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  Auditory self-motion illusions ("circular vection") can be facilitated by vibrations and the potential for actual motion

Riecke, B., Feuereissen, D., & Rieser, J. (2008). Auditory self-motion illusions ("circular vection") can be facilitated by vibrations and the potential for actual motion. In S. Creem-Regehr, & K. Myszkowski (Eds.), APGV '08: Proceedings of the 5th symposium on Applied perception in graphics and visualization (pp. 147-154). New York, NY, USA: ACM Press.

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Item Permalink: http://hdl.handle.net/11858/00-001M-0000-0013-C7A3-E Version Permalink: http://hdl.handle.net/21.11116/0000-0003-3D25-0
Genre: Conference Paper

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 Creators:
Riecke, BE1, Author              
Feuereissen, D, Author
Rieser, JJ, Author
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1External Organizations, ou_persistent22              

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 Abstract: It has long been known that sound fields rotating around a stationary, blindfolded observer can elicit self-motion illusions ("circular vection") in 20--60 of participants. Here, we investigated whether auditory circular vection might depend on whether participants sense and know that actual motion is possible or impossible. Although participants in auditory vection studies are often seated on moveable seats to suspend the disbelief of self-motion, it has never been investigated whether this does, in fact, facilitate vection. To this end, participants were seated on a hammock chair with their feet either on solid ground ("movement impossible" condition) or suspended ("movement possible" condition) while listening to individualized binaural recordings of two sound sources rotating synchronously at 60°/s. In addition, hardly noticeable vibrations were applied in half of the trials. Auditory circular vection was elicited in 8/16 participants. For those, adding vibrations enhanced vection in all dependent measures. Not touching solid ground increased the intensity of self-motion and the feeling of actually rotating in the physical room. Vection onset latency and the percentage of trials where vection was elicited were only marginally significantly (p<.10) affected, though. Together, this suggests that auditory self-motion illusions can be stronger when one senses and knows that physical motion might, in fact, be possible (even though participants always remained stationary). Furthermore, there was a benefit both of adding vibrations and having one's feet suspended. These results have important implications both for our theoretical understanding of self-motion perception and for the applied field of self-motion simulations, where both vibrations and the cognitive/perceptual framework that actual motion is possible can typically be provided at minimal cost and effort.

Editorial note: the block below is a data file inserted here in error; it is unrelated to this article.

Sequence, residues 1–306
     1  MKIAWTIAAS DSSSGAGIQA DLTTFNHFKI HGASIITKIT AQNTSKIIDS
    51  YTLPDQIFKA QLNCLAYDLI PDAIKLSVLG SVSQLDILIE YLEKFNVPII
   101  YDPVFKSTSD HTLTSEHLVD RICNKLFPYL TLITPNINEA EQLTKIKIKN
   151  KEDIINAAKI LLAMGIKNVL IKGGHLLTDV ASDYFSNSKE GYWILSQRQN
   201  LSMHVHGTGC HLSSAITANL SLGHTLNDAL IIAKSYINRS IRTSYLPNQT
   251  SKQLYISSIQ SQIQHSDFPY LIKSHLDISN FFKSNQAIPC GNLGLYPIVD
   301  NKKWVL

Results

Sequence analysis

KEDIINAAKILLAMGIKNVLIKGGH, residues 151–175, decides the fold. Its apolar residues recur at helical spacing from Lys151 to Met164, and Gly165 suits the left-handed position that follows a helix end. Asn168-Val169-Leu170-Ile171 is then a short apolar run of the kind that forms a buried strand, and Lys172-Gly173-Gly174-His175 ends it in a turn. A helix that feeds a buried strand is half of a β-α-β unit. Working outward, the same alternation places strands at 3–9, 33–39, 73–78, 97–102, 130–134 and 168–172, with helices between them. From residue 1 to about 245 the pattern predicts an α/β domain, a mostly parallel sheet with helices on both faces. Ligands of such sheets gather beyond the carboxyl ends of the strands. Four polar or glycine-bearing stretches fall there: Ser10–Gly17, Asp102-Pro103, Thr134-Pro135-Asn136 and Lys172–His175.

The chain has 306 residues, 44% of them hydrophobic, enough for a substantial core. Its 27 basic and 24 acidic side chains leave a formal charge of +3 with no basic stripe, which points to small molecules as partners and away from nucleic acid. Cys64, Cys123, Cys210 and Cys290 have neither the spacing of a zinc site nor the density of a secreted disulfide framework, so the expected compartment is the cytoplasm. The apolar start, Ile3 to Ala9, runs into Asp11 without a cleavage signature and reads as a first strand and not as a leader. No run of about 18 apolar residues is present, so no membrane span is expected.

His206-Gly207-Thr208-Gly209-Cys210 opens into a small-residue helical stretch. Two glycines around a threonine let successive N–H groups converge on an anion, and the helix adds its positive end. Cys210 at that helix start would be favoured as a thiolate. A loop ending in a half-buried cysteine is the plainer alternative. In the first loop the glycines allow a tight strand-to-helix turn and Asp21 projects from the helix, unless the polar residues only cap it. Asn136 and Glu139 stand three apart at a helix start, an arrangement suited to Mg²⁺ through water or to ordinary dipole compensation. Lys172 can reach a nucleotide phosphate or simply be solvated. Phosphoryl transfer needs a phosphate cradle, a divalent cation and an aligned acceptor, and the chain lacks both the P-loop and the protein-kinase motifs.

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 Dates: 2008-08
 Publication Status: Published in print
 Pages: -
 Publishing info: -
 Table of Contents: -
 Rev. Type: -
 Identifiers: DOI: 10.1145/1394281.1394309
BibTex Citekey: 5097
 Degree: -

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Title: 5th Symposium on Applied Perception in Graphics and Visualization (APGV 2008)
Place of Event: Los Angeles, CA, USA
Start-/End Date: 2008-08-09 - 2008-08-10

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Title: APGV '08: Proceedings of the 5th symposium on Applied perception in graphics and visualization
Source Genre: Proceedings
 Creator(s):
Creem-Regehr, SH, Editor
Myszkowski, K, Editor
Affiliations:
-
Publ. Info: New York, NY, USA : ACM Press
Pages: - Volume / Issue: - Sequence Number: - Start / End Page: 147 - 154 Identifier: ISBN: 978-1-59593-981-4